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Jones v. Mayberg

United States District Court, Eastern District of California

November 4, 2014

OSCAR W. JONES, Plaintiff,
v.
STEPHEN MAYBERG, et al., Defendants.

ORDER REQUIRING PLAINTIFF TO SHOW CAUSE WITHIN THIRTY DAYS WHY ACTION SHOULD NOT BE DISMISSED, WITHOUT PREJUDICE, PURSUANT TO RULE 4(M)

SHEILA K. OBERTO UNITED STATES MAGISTRATE JUDGE

Plaintiff Oscar W. Jones, a former civil detainee proceeding pro se and in forma pauperis, filed this civil rights action pursuant to 42 U.S.C. § 1983 on August 25, 2010. This action for damages is proceeding against John Doe 2 and John Doe 3 for violating the Due Process Clause of the United States Constitution, relating to the failure to transport Plaintiff for medical treatment while he was at Coalinga State Hospital (“CSH”).

Rule 4(m) of the Federal Rules of Civil Procedure provides:

If a defendant is not served within 120 days after the complaint is filed, the court -on motion or on its own after notice to the plaintiff - must dismiss the action without prejudice against that defendant or order that service be made within a specified time. But if the plaintiff shows good cause for the failure, the court must extend the time for service for an appropriate period.

Because Plaintiff is proceeding in forma pauperis, the Court is required to appoint the United States Marshal to serve the summons and complaint on his behalf, 28 U.S.C. § 1915(d); Fed.R.Civ.P. 4(c)(3), and a case cannot be dismissed where the Marshal and/or the Court fails to perform its duty, Walker v. Sumner, 14 F.3d 1415, 1422 (9th Cir. 1994) (internal quotations and citation omitted), abrogated on other grounds by Sandin v. Connor, 515 U.S. 472 (1995). However, the Court’s sua sponte dismissal of unserved defendants is appropriate if Plaintiff is unable to provide the Marshal with information sufficient to effect service. Fed.R.Civ.P. 4(m); Walker, 14 F.3d at 1421-22.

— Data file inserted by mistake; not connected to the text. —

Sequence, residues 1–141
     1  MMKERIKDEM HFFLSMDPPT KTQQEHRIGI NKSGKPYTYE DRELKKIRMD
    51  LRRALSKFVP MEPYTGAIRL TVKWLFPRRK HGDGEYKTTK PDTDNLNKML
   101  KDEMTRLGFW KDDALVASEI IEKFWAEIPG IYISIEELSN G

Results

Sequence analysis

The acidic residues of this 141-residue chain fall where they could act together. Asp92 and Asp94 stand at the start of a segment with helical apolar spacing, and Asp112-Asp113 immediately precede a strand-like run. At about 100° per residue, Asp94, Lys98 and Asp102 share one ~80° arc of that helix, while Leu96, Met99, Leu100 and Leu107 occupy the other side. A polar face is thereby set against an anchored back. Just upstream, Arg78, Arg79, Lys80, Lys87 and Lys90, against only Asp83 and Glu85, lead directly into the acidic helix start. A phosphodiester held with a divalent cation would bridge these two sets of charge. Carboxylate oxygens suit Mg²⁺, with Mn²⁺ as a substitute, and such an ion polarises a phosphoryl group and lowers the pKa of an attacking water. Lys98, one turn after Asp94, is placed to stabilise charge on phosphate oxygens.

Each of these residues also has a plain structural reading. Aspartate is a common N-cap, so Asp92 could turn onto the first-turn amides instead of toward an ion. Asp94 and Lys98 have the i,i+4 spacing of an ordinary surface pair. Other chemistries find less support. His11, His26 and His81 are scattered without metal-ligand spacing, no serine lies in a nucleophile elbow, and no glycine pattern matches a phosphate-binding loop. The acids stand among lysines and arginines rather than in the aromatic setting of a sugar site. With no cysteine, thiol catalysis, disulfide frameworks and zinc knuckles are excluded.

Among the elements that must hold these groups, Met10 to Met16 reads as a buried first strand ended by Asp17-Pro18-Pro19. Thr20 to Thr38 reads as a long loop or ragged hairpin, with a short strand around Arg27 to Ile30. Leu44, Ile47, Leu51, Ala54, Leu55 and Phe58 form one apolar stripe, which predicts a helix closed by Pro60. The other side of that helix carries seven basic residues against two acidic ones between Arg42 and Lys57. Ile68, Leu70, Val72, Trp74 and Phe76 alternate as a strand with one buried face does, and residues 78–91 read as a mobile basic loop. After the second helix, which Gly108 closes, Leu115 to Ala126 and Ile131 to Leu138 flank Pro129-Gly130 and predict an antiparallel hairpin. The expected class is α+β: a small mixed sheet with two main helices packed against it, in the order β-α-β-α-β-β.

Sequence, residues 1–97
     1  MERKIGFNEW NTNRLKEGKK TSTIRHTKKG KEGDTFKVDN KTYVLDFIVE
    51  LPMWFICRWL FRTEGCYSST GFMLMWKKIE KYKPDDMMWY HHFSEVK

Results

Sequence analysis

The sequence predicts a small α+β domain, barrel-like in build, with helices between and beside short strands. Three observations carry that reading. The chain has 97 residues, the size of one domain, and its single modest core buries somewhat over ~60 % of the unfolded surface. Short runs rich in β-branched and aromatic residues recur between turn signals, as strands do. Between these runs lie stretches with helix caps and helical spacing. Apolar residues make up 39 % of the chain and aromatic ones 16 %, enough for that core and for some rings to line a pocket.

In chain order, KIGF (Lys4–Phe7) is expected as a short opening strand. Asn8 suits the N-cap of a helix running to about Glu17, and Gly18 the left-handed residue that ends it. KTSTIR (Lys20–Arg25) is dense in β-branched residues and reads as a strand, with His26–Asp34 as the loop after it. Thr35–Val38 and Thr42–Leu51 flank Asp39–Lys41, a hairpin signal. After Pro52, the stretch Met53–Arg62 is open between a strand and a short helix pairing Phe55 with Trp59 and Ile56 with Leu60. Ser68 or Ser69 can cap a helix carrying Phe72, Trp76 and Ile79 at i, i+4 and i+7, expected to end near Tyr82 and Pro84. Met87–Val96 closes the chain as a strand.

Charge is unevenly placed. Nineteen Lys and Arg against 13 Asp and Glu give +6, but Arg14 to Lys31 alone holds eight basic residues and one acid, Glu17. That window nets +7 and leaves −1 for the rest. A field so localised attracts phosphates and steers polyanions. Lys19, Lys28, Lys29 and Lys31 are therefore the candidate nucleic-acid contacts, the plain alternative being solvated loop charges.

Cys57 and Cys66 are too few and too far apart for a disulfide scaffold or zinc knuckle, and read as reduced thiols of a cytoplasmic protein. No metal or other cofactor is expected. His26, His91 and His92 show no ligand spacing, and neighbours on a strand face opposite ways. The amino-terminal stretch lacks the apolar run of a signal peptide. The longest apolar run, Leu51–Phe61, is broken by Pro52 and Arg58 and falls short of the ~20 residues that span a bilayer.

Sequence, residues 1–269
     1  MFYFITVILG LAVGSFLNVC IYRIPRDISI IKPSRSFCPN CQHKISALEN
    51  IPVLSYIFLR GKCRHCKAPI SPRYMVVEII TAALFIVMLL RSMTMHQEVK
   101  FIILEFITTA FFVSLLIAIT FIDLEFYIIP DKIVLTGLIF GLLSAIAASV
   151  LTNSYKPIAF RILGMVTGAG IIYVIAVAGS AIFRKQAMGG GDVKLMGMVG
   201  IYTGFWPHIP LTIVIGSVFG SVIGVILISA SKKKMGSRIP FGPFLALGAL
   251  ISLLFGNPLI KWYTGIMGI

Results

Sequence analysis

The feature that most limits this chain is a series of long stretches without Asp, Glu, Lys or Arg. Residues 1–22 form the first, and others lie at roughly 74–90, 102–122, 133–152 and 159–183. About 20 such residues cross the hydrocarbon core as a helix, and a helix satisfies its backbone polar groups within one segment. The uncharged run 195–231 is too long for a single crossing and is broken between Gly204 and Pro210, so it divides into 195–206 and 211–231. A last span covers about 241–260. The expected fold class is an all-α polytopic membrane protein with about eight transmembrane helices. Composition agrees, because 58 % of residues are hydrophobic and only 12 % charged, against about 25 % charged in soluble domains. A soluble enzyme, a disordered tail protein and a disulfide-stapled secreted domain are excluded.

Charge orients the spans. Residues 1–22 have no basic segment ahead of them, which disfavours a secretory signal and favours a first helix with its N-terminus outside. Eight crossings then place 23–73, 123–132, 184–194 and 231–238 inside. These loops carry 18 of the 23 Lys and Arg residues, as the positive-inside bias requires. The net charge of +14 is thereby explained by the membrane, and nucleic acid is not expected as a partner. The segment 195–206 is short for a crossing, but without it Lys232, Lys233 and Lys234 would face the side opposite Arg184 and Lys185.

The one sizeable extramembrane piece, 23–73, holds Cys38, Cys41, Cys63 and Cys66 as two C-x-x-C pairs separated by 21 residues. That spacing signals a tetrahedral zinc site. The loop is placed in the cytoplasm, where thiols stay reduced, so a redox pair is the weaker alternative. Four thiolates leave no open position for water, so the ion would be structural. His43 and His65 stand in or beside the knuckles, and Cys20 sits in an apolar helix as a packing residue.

In this case, the defendants, both of whom were correctional officers, are unidentified, and the Court opened early discovery for the limited purpose of allowing Plaintiff to identify them. Crowley v. Bannister, 734 F.3d 967, 978 (9th Cir. 2013) (citing Gillespie v. Civiletti, 629 F.2d 637, 642 (9th Cir. 1980)). After service of subpoenas duces tecum first on the Acting Director of CSH and then on the Warden of Pleasant Valley State Prison, Plaintiff has not obtained any documents which allow him to identify the Doe defendants.[1] Fed.R.Civ.P. 45. Accordingly, pursuant to Rule 4(m), Plaintiff shall be provided with an opportunity to show good cause why this action should not be dismissed. Fed.R.Civ.P. 4(m). If Plaintiff either fails to respond to this order or responds but fails to show good cause, this action shall be dismissed, without prejudice.

Based on the foregoing, the Court HEREBY ORDERS that:

1. Within thirty (30) days from the date of service of this order, Plaintiff shall show cause why this action should not be dismissed, without prejudice; and

2. The failure to respond to this order or the failure to show good cause will result in dismissal of the action, without prejudice.

IT IS SO ORDERED.


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